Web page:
This time of year, sorting out the many bird species that are vocalizing can be overwhelming. Not having ambitions of ever being a dedicated birder, I’ve worked my way all the way up to, at best, average at identifying local birds by sight. This year, I’m trying to get a better handle on bird vocalizations, and the birds aren’t helping.
Males of many species like to defend their territory by singing from the highest spots within it. In early spring, the bare branches make them easier to see. Now that most trees have leafed out, trying to find them has become a frustrating avian version of “Where’s Waldo.” Even narrowing the location down to the tree is a challenge, making me constantly wonder if birds are ventriloquists.
Some books and apps help. I’ve found, for example, that the BirdNET app can analyze bird vocalizations better than I can, but my human brain can do one thing better: focus on a one sound, no matter the pitch or volume, while ignoring all others. Most of my identification skills come from spending a lot of time just sitting in one place and observing birds. By watching, I’ve learned not only how to ID them but also about how they lead their lives — interacting with each other, finding mates, raising young, hunting for food, dealing with predators, and exhibiting some mysterious behaviors that confound and intrigue me.
This spring, I’ve become more diligent in reporting birds I observe to eBird, an online citizen-scientist database developed and maintained by the Cornell Lab of Ornithology and partnering organizations. The data collected is aggregated and shared in many ways that Lab members can access, and anyone can join for free. Among other things on the website are checklists for an area (down to the county level) and the species they have reported there, birding “hot spots,” interactive maps that show the arrival and departure of migrating birds as they are reported.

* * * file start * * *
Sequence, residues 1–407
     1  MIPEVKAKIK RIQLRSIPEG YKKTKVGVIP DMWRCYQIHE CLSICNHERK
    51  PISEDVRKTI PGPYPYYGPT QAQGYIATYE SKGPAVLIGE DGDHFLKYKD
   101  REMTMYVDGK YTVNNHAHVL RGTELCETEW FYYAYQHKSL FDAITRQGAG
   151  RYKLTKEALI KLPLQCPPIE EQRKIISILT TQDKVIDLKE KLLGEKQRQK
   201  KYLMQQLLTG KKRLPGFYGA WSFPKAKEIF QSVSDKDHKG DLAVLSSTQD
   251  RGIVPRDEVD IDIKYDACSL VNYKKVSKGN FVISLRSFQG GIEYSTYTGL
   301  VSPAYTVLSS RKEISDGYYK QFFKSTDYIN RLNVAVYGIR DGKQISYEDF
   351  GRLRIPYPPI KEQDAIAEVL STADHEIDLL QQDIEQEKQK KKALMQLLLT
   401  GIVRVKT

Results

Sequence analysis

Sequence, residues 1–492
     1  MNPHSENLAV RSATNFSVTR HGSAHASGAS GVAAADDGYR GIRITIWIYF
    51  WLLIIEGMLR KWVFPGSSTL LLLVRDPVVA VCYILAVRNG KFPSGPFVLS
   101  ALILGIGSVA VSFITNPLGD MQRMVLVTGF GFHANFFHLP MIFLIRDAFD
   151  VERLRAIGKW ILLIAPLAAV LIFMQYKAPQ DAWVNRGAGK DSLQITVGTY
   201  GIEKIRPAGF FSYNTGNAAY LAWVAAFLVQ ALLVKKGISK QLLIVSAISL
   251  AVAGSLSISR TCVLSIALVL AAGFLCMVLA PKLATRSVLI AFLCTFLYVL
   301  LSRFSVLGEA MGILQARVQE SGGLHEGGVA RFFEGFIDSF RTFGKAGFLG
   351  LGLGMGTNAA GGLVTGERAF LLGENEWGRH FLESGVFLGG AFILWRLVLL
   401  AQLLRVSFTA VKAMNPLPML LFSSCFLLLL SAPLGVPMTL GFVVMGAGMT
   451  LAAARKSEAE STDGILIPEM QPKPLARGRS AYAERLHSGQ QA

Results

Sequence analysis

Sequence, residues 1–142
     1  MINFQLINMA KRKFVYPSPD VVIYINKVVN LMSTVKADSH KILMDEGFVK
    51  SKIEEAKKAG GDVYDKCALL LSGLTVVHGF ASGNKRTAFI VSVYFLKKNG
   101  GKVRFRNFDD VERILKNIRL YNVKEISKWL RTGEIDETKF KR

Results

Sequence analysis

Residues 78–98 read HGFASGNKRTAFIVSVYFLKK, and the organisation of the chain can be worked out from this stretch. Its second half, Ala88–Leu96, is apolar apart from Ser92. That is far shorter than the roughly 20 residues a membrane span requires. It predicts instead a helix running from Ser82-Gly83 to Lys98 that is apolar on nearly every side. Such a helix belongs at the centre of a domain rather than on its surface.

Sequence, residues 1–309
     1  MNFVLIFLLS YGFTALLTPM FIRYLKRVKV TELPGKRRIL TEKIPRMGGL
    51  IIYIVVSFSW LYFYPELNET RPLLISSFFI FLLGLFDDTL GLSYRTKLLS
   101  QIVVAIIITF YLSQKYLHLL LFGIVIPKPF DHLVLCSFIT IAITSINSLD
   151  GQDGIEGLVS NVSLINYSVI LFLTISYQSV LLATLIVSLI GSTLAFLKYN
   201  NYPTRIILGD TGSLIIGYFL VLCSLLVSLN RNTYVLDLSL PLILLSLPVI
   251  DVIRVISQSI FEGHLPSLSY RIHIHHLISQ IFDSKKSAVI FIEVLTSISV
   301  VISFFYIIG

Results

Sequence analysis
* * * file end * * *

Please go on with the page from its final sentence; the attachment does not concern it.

So far this year, I’ve submitted 16 checklists for where I live in Old Hollow, reporting a total of 33 species. A few stray observations are not on them, including those of a bald eagle, a great blue heron and a red-shouldered hawk, since I didn’t log the date or time, and I know there are more species out there that I have yet to ID.
One of the most numerous species here, I’ve discovered, is the red-eyed vireo, which migrates in to nest here every year. I’m finally more-or-less confident in recognizing its song, with help from BirdNET initially. At least one hooded warbler and scarlet tanager showed up briefly, as they usually do every year before moving on to other spots to reproduce. I first noticed their songs, which BirdNET again helped me identify, after which I found it easier to locate and observe these colorful birds.
One bird was real challenge to me this spring — a drab little bird that appeared at the forest edge when I was sitting outside listening to the dawn chorus over while having my morning coffee. I could see nothing was distinctive about it until it burst into bubbly song. After analyzing the sound, BirdNET suggested it was from a warbling vireo, which I confirmed through checking visual ID points for the species in my field guides.